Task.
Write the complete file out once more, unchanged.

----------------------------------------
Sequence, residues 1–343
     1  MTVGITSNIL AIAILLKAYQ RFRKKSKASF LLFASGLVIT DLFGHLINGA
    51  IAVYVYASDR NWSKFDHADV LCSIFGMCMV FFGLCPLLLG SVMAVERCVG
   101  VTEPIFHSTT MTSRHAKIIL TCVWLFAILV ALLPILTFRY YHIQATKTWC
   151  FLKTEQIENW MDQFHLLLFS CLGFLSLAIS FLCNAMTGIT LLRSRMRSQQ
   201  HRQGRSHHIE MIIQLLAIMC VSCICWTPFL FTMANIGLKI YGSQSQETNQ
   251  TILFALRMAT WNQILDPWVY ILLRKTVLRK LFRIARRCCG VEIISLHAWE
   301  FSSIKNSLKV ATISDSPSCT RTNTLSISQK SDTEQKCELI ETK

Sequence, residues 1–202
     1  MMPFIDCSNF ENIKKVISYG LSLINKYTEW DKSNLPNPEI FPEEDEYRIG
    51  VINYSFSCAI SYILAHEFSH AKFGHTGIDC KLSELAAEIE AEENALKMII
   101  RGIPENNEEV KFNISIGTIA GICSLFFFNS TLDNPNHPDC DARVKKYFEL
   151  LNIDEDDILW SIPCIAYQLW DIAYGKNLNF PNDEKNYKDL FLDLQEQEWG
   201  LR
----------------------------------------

Sequence, residues 1–343
     1  MTVGITSNIL AIAILLKAYQ RFRKKSKASF LLFASGLVIT DLFGHLINGA
    51  IAVYVYASDR NWSKFDHADV LCSIFGMCMV FFGLCPLLLG SVMAVERCVG
   101  VTEPIFHSTT MTSRHAKIIL TCVWLFAILV ALLPILTFRY YHIQATKTWC
   151  FLKTEQIENW MDQFHLLLFS CLGFLSLAIS FLCNAMTGIT LLRSRMRSQQ
   201  HRQGRSHHIE MIIQLLAIMC VSCICWTPFL FTMANIGLKI YGSQSQETNQ
   251  TILFALRMAT WNQILDPWVY ILLRKTVLRK LFRIARRCCG VEIISLHAWE
   301  FSSIKNSLKV ATISDSPSCT RTNTLSISQK SDTEQKCELI ETK

Sequence, residues 1–202
     1  MMPFIDCSNF ENIKKVISYG LSLINKYTEW DKSNLPNPEI FPEEDEYRIG
    51  VINYSFSCAI SYILAHEFSH AKFGHTGIDC KLSELAAEIE AEENALKMII
   101  RGIPENNEEV KFNISIGTIA GICSLFFFNS TLDNPNHPDC DARVKKYFEL
   151  LNIDEDDILW SIPCIAYQLW DIAYGKNLNF PNDEKNYKDL FLDLQEQEWG
   201  LR